Prescription 2015: Zinc RequirementsMarch 16, 2015 Written by JP [Font too small?]
If you regularly eat garbanzo beans or hummus, lamb, lentils, pumpkin seeds and sesame seeds or tahini you’re well on your way to following my latest prescription. All of these foods are stellar sources of zinc, an essential trace mineral. For all of those who don’t eat zinc-rich foods on a daily basis, I highly recommend a daily multivitamin providing at least 100% of the RDA of most minerals including zinc. In fact, since zinc is both essential to health maintenance and safe when taken in conservative amounts, I recommend multivitamins to just about everyone. Now, you may think that I’m focusing on zinc because of its widely known benefits to the immune system. After all, zinc lozenges are probably the most popular natural cold aids currently on the market. While true, there’s so much more to zinc than just that.
My recent review of zinc in the medical literature substantiates the importance of this trace element in protecting against some of the most common and threatening diseases of our time. For starters, a new study in the January 2015 issue of the Journal of Clinical Diagnosis and Research, reveals that female breast cancer patients have lower than normal levels of zinc in their systems. This is important in part because a previous inquiry discovered that inadequate zinc concentrations are associated with higher cancer rates in those exposed to environmental toxins such as cadmium. Those with hypothyroidism ought to take note of two trials which report that supplemental zinc is capable of improving thyroid function in overweight females and response to thyroid replacement therapy. Diabetics should likewise keep zinc on their radar. An evaluation and trial from 2014 determined that low zinc status is common in diabetics and is linked to the progression of diabetic kidney disease or nephropathy. Additionally, supplementing with 30 mg of zinc daily was found to “benefit immune response against cancer in patients with DM (diabetes mellitus) and metabolic syndrome”.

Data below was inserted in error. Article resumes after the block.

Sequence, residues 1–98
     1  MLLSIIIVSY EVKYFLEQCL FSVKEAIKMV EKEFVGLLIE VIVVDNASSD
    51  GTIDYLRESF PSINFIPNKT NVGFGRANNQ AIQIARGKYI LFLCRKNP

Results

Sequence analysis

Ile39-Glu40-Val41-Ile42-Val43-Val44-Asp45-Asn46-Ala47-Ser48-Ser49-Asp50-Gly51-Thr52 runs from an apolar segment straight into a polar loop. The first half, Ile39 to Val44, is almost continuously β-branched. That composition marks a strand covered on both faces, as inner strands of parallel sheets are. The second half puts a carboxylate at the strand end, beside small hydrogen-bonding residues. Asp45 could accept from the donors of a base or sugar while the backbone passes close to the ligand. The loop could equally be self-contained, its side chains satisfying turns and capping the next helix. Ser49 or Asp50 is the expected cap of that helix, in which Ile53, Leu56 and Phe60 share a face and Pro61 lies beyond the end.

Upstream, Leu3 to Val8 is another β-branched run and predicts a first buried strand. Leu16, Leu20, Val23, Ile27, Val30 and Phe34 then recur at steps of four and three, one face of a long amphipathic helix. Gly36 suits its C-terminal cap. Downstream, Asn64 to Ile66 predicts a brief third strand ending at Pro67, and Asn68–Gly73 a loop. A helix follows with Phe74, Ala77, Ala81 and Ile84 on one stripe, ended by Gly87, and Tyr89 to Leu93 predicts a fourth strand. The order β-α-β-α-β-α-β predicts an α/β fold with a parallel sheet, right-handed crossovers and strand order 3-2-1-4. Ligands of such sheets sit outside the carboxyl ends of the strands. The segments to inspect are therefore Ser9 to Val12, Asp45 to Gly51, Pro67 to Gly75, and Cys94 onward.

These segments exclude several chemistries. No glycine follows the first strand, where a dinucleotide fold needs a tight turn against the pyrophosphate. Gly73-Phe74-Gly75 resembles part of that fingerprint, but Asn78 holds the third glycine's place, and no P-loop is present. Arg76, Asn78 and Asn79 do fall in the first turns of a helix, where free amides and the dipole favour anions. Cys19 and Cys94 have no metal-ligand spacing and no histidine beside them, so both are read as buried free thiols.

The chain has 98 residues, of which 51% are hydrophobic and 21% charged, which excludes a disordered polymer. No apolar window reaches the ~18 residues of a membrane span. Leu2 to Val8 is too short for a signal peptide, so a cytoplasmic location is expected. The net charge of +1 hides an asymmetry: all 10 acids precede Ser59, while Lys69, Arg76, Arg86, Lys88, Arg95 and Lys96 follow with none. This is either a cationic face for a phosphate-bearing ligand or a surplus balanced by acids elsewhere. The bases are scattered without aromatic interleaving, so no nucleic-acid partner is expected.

Both old and young should strive to maintain optimal zinc status via diet and supplementation. The February 2015 edition of the Journal of Alzheimer’s Disease explains that “serum zinc appears significantly decreased in AD (Alzheimer’s Disease) patients compared to healthy controls”. Another investigation from the very same month points to a shift in copper to zinc ratio that typically occurs with aging. The authors summarize that a higher copper to zinc ratio is associated with higher mortality in seniors and is likely impacted by hormonal changes, inadequate nutrition, inflammation and oxidative stress. In children, supplemental zinc (10 mg/day) seems to beneficially stimulate appetite in such a way as to increase consumption of fat and protein, but not carbohydrates. Increasing zinc also lead to higher levels of select hormones which stimulate childhood growth, namely growth hormone (GH), insulin-like growth factor 1 (IGF1) and osteocalcin (OCN). Interestingly, the children in this particular study were not zinc-deficient at the start of the study suggesting that higher levels of zinc may be beneficial even in those not expressly lacking in zinc.
Finally, a fascinating study just published offers a novel way for breastfeeding mothers to support healthier infant growth: by taking a synbiotic supplement containing pre- and probiotics. Surprisingly, mothers taking synbiotics demonstrated increased levels of certain minerals (calcium and zinc) independent of dietary choices. What’s more, the use of breastfeeding with synbiotics lead to small improvements in height and weight in infants. These studies and many others strongly indicate that zinc is absolutely necessary from the start of life and throughout it in order to live at our very best.
Note: Please check out the “Comments & Updates” section of this blog – at the bottom of the page. You can find the latest research about this topic there!
To learn more about the studies referenced in today’s column, please click on the following links:
Study 1 – Serum Levels of Metal Ions in Female Patients with Breast Cancer … (link)
Study 2 – Increased Risk of Cancer Mortality Associated with Cadmium Exposures … (link)
Study 3 – Effects of Zinc and Selenium Supplementation on Thyroid Function in … (link)
Study 4 – Zinc Deficiency Associated with Hypothyroidism: An Overlooked Cause … (link)
Study 5 – Zinc Status in Type 2 Diabetic Patients: Relation to the Progression of … (link)
Study 6 – Zinc Supplementation Improves Anticancer Activity of Monocytes in … (link)
Study 7 – Zinc in Alzheimer’s Disease: A Meta-Analysis of Serum, Plasma and … (link)
Study 8 – Serum Copper to Zinc Ratio: Relationship with Aging and Health Status … (link)
Study 9 – Effect of Zinc Supplementation on GH, IGF1, IGFBP3, OCN & ALP in … (link)
Study 10 – A Pilot Study of Synbiotic Supplementation on Breast Milk Mineral … (link)
Aging Increases Urinary Iron and Zinc Clearance
Source: Nutr Metab Insights. 2014 May 26;7:47-50. (link)
Tags: Alzheimer's, Breast Cancer, Diabetes
Posted in Children's Health, Nutrition, Nutritional Supplements